It's been four years since the Fukushima earthquake and that's how long Japan's nuclear power plants have been shuttered. When Prime Minister Shinzo Abe took office in 2012 he vowed to bring the nation's reactors back on line. It's been a long road, but this week Japan will see the restart of at least one of its 50 or so nuke plants.
One of the consequences of the nuke shutdown was that Japan had to import large quantities of oil, coal and natural gas. This led to a rare and historic trade deficit, which I believe has been one of the main factors in the depreciation of the yen.
Many of you might be inclined to disagree with me and say that it was the aggressive monetary actions by the Bank of Japan that caused the currency to nosedive over the past four years. I have long argued that monetary operations were nothing more than asset swaps, where the banking system got more (or less) reserves in exchange for less (or more) government securities.
While the growth in the BOJ's balance sheet over the years has resulted in a larger base of reserves in the banking system, the reserves have done nothing; they just sit there in the banking system, as all reserves do, and they have had little or no effect on overall bank lending, which has remained tepid.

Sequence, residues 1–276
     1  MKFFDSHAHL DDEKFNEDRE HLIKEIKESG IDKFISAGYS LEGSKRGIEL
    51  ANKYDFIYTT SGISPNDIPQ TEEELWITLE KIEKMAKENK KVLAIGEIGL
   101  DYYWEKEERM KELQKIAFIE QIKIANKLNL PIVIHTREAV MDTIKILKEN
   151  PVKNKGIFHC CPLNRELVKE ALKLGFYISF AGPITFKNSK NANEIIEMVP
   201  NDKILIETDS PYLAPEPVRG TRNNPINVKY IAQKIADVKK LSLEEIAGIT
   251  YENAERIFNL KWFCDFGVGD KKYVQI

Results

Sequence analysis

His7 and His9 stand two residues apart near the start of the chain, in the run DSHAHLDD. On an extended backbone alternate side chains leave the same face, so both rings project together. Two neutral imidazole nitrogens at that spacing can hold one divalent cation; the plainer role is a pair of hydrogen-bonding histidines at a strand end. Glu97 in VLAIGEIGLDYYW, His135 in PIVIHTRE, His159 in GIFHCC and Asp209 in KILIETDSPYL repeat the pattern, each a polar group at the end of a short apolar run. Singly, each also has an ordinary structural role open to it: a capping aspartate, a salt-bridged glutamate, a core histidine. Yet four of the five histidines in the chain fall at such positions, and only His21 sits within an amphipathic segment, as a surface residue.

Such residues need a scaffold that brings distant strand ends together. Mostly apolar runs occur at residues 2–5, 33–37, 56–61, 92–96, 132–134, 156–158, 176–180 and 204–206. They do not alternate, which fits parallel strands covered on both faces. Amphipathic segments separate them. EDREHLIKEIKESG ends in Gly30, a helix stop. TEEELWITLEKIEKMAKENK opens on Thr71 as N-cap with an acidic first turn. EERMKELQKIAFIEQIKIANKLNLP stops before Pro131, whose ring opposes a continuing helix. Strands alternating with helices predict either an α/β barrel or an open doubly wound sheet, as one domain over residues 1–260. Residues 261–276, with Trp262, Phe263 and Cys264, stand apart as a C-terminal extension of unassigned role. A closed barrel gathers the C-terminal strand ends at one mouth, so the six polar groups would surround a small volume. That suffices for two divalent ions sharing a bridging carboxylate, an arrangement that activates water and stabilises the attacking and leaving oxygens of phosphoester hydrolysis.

Indeed, if it were so easy to create inflation by conducting monetary operations then the BOJ would have solved Japan's deflation problem 20 years ago. Furthermore, how does one argue that the BOJ devalued its currency by engaging in balance sheet expansion when the Federal Reserve has done the exact same thing yet the dollar has gone up? You can't.
I will concede one point with the yen bears, though, and that is that the actions of the BOJ caused market participants to believe there was going to be lots of yen printing and caused them to sell yen ahead of that. This was nothing more than speculative selling and portfolio shifting.
On the other hand, there was the real effect on the yen's exchange rate that heavy petroleum imports created. Imports had to be "paid for" in dollars and to get more dollars Japan had to export more and in order to do that they would adjust the yen exchange rate lower. This is how it works.
Now with the nukes coming back, the yen's outlook is shifting. I would caution, however, that the country's transition back to nuclear power generation will be slow. As of right now a total of five reactors have been approved for restart, one is up and running in Sendai and the decision to get the other four going rests with local officials. They might decide to take their time. Who knows?
There are 19 more that have applied for approval and 19 beyond those that still have yet to apply. The six in Fukushima will probably never be restarted.
Slowly, but surely, as Japan's reactors come back on line we should see improving monthly trade numbers. This should get forex market participants thinking differently about the yen. A more positive tone could develop, which could lead to a recovery in the yen.